Wade Goodwyn

Wade Goodwyn is an NPR National Desk Correspondent covering Texas and the surrounding states.

Reporting since 1991, Goodwyn has covered a wide range of issues, from mass shootings and hurricanes to Republican politics. Whatever it might be, Goodwyn covers the national news emanating from the Lone Star State.

Though a journalist, Goodwyn really considers himself a storyteller. He grew up in a Southern storytelling family and tradition, he considers radio an ideal medium for narrative journalism. While working for a decade as a political organizer in New York City, he began listening regularly to WNYC, which eventually led him to his career as an NPR reporter.

In a recent profile, Goodwyn's voice was described as being "like warm butter melting over BBQ'd sweet corn." But he claims, dubiously, that his writing is just as important as his voice.

Goodwyn is a graduate of the University of Texas with a degree in history. He lives in Dallas with his famliy.

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Today, it's almost hard to remember just how different the Texas government was back in the 1970s. That's when Molly Ivins scorched a trail through good-ol'-boy politics like a flamethrower through a cactus patch.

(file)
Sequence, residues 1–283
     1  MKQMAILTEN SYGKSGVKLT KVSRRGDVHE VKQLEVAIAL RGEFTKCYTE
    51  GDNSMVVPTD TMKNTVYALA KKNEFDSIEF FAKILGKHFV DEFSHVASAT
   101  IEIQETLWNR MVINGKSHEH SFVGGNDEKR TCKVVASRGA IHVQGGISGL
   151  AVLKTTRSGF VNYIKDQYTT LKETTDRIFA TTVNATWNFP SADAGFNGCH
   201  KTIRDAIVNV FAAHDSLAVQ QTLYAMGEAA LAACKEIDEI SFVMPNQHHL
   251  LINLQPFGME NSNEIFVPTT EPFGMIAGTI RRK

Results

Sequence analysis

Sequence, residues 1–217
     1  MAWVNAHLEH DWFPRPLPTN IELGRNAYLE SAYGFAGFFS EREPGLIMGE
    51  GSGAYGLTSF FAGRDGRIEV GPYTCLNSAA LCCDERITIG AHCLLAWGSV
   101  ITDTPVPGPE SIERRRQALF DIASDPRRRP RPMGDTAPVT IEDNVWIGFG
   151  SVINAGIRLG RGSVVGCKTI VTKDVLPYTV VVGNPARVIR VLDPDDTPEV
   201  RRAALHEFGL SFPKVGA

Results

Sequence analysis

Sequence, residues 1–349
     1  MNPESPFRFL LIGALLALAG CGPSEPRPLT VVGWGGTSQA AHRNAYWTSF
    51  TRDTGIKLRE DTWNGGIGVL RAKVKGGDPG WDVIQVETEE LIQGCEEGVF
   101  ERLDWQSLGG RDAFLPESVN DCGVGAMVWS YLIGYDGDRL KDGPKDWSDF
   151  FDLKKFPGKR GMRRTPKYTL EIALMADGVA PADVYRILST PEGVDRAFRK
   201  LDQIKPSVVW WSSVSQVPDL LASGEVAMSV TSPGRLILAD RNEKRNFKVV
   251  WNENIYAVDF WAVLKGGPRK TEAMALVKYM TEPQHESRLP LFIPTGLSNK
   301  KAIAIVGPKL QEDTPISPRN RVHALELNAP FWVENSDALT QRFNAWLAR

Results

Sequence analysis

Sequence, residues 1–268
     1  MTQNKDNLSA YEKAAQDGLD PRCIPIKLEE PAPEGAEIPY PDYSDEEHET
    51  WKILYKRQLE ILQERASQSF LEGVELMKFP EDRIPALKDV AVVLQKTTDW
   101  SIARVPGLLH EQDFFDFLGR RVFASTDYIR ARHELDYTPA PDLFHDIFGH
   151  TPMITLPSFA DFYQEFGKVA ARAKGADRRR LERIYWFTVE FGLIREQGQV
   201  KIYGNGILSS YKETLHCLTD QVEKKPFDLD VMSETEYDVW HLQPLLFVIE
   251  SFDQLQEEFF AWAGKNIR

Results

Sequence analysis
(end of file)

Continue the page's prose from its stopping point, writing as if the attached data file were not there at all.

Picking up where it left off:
"The legislature was fairly corrupt in those days," she said to NPR in 2006. "And the fact that it was, and that everybody knew it, and that people laughed about it, struck me as worth reporting. And I thought: Why not put it in the way it is?"

Jury selection is set to begin Friday for the white former Dallas police officer who shot and killed her unarmed black neighbor in his apartment last year. Amber Guyger said she entered the apartment by mistake and thought 26-year-old Botham Shem Jean was a burglar.

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It's been a bad summer so far for government information systems. Hackers have used ransomware to attack the data networks of Baltimore, the Georgia courts system and Lake City, Fla., to name a few. And the decision as to whether to pay the extortionists ransom is fraught. Pay them, get the decryption key and get your data and network back in fairly short order. Or refuse to cooperate with criminals and have it cost untold millions of dollars and create significant aggravation.